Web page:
Under the TCJA, patents, inventions, models or designs
and secret formulas or processes no longer qualify as capital assets, nor do they qualify as property used in a trade or business.
As a result, after recapture, all gain on these assets appear to be ordinary.
Fortunately, the limitation on capital gain treatment
of self-created IP does not apply to self-created copyrights, literary, musical, or artistic compositions and similar property.
The IRC Section 1221(b)(3) election remains unchanged by the new law.
In addition, Congress retained the narrow exception provided by
Section 1235 which allows some inventors and investors the opportunity to obtain capital gain treatment when transferring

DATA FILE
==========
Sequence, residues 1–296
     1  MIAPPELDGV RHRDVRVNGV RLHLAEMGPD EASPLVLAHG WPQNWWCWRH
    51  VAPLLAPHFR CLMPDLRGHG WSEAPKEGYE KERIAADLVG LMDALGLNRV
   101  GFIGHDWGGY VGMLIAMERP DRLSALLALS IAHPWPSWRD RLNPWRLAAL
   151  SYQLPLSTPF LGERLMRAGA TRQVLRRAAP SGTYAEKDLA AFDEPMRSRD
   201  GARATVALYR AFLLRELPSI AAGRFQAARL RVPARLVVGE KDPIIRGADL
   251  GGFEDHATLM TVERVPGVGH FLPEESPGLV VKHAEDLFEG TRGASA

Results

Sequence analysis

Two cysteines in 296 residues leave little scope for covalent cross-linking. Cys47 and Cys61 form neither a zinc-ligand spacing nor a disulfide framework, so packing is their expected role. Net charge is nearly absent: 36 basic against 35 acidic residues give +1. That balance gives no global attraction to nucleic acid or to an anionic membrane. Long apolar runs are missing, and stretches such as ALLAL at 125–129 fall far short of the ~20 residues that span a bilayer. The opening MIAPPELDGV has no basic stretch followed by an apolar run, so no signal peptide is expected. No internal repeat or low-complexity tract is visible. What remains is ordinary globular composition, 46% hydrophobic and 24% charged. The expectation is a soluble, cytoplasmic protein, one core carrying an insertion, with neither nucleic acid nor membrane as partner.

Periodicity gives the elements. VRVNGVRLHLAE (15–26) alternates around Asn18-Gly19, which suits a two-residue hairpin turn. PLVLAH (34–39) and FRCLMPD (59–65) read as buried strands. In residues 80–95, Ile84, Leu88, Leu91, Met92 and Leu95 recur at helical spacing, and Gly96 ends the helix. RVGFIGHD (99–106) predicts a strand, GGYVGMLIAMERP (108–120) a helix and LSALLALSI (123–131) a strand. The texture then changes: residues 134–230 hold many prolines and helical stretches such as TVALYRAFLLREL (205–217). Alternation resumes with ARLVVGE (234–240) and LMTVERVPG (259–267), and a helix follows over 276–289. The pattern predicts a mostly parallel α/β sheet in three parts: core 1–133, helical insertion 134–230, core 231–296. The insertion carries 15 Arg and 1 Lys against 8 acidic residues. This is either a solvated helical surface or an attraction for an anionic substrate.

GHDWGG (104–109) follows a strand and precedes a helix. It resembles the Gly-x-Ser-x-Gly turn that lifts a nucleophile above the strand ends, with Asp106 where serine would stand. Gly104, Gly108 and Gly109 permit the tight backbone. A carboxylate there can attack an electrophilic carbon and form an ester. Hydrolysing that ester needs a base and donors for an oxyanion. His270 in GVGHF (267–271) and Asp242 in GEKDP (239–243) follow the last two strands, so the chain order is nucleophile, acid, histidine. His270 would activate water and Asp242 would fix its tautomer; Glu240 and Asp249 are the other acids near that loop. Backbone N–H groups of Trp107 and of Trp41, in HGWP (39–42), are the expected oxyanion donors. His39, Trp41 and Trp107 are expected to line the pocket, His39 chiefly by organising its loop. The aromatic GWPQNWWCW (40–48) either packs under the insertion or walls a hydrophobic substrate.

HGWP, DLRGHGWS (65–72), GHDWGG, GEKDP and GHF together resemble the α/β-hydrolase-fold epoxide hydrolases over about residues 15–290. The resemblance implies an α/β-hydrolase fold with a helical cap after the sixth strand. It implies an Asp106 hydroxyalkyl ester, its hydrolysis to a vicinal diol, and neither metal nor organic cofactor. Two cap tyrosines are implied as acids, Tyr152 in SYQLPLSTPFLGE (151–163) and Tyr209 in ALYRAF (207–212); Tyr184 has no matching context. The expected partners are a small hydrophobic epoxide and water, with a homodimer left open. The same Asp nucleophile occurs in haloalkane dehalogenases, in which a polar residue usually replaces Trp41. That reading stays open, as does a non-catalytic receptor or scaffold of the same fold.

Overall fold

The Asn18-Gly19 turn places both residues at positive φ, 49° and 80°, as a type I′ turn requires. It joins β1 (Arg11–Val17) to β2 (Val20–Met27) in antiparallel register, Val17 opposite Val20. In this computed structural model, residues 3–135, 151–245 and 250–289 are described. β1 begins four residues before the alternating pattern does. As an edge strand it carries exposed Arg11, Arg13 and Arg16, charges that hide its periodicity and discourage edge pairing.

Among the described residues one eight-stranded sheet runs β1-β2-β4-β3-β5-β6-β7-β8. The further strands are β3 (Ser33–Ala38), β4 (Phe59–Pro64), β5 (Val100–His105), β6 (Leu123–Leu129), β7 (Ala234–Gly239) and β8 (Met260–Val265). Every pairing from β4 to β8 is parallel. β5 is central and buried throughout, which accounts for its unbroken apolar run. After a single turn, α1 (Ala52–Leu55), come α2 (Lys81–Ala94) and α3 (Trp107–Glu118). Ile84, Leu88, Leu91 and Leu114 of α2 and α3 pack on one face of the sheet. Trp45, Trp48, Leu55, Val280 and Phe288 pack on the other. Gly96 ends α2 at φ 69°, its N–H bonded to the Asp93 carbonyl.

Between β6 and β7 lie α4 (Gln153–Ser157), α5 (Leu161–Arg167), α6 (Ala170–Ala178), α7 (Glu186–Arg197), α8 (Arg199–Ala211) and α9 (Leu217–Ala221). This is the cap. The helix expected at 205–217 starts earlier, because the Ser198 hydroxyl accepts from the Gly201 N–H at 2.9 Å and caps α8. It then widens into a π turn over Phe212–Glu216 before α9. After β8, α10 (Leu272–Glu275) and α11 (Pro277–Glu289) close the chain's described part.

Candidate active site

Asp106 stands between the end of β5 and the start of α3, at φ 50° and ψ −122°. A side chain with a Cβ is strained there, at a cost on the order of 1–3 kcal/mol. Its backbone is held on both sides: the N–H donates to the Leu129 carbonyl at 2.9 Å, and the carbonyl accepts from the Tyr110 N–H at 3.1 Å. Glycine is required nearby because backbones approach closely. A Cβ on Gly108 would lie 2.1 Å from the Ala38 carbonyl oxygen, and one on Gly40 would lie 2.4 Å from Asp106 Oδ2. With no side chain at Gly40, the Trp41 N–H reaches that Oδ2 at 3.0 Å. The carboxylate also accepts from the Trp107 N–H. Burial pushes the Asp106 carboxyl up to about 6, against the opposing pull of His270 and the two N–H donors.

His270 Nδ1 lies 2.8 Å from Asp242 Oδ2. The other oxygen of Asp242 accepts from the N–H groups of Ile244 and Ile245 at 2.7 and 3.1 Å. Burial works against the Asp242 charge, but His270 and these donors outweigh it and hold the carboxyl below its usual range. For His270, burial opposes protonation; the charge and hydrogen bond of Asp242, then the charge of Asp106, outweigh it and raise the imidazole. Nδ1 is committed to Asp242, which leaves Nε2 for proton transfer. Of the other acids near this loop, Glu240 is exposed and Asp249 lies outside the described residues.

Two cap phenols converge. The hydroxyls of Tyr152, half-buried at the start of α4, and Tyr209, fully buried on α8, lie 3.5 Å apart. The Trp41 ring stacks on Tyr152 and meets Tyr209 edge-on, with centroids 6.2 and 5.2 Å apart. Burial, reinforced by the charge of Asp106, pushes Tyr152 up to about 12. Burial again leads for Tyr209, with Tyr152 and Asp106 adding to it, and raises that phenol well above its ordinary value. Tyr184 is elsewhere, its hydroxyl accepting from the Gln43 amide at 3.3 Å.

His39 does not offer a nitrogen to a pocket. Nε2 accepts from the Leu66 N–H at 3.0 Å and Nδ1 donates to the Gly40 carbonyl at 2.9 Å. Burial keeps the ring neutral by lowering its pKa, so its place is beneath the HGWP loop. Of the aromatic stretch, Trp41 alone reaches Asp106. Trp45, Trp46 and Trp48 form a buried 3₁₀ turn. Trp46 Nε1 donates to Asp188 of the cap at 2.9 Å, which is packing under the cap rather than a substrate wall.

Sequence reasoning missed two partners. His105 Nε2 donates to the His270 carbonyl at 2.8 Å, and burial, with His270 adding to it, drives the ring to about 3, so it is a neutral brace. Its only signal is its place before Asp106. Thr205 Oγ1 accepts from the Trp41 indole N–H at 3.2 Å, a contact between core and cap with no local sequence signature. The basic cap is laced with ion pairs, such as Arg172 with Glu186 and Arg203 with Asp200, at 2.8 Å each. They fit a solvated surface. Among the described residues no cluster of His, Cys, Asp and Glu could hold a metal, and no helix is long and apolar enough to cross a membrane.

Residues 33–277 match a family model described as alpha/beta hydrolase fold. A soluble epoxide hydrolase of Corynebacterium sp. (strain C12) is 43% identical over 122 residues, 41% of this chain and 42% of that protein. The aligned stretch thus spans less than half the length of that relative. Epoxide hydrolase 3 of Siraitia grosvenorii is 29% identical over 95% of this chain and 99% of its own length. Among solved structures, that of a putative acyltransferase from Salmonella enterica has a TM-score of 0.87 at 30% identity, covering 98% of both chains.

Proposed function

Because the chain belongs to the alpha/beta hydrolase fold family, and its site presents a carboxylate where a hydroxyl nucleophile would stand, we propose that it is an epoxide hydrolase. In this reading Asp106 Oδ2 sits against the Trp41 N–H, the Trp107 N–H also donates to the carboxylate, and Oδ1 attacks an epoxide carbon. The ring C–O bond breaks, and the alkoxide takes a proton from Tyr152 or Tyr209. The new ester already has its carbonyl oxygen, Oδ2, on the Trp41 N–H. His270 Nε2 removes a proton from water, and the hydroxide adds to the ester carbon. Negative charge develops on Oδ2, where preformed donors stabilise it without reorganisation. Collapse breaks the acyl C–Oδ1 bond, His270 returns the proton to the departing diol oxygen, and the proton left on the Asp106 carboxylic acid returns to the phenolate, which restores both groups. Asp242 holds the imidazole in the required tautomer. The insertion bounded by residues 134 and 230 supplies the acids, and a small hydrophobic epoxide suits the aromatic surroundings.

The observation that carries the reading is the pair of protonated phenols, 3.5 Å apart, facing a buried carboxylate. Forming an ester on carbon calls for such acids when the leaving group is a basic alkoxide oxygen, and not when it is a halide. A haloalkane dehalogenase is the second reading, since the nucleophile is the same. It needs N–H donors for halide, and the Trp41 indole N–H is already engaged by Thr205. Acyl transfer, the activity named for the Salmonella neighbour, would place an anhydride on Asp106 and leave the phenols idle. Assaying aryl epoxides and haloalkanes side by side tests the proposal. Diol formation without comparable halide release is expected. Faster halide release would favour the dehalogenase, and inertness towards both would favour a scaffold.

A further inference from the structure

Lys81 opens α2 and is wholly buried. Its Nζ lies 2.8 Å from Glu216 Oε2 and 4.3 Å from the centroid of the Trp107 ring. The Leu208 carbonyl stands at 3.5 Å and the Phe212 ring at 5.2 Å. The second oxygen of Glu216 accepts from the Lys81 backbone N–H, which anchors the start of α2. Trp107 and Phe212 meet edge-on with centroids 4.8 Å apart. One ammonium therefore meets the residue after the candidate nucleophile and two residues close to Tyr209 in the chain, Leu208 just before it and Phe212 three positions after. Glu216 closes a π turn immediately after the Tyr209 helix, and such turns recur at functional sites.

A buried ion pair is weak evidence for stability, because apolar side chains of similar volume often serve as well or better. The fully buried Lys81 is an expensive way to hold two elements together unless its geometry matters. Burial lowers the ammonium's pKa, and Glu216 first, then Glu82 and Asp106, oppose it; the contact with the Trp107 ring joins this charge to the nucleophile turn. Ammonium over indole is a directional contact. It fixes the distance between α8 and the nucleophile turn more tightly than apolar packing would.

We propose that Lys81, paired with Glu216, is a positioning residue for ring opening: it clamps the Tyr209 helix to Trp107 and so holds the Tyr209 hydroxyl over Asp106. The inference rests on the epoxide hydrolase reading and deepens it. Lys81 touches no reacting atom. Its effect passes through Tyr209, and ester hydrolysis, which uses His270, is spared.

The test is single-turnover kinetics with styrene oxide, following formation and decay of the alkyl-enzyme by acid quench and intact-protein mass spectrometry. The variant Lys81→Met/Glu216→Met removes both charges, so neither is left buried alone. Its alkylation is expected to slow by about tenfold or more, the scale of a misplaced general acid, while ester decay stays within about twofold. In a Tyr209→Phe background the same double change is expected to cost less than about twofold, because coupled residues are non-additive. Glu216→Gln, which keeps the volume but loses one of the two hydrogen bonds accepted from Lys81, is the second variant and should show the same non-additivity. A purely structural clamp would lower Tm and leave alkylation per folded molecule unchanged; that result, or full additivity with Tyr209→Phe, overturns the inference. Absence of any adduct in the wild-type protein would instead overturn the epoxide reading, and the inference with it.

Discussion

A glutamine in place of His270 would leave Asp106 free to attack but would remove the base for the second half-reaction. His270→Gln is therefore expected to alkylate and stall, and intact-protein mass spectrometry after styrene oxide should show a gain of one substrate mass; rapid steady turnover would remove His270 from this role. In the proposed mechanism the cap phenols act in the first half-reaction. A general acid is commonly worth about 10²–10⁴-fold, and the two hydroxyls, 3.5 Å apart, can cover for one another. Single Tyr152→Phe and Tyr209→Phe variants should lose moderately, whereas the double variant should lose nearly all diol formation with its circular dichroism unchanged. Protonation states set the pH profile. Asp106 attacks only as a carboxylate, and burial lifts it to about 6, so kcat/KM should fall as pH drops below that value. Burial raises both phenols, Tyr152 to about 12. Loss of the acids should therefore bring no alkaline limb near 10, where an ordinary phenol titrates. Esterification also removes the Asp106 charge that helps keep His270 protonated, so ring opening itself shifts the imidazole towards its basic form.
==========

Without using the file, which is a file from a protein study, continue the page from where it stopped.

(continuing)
"all substantial rights" to a patent. Unfortunately, Section 1235 does not apply to self-created
non-patent property; e.g., inventions, models or designs (unpatented), or secret formulas or processes - it only applies to
In light of the foregoing, patent owners should consider transferring "all substantial rights"
to patents. In addition, self-created IP owners should consider selling the ownership of the company and
not its assets. Regardless, IP owners should continue to identify all elements of the business which may
be capital assets, e.g., goodwill, workforce-in-place, trademarks, customer-based intangibles, supplier intangibles, etc.
Offices of Mark E. Wiemelt, P.C. do not render tax advice. Therefore, taxpayers should consult with their
tax advisors or professionals.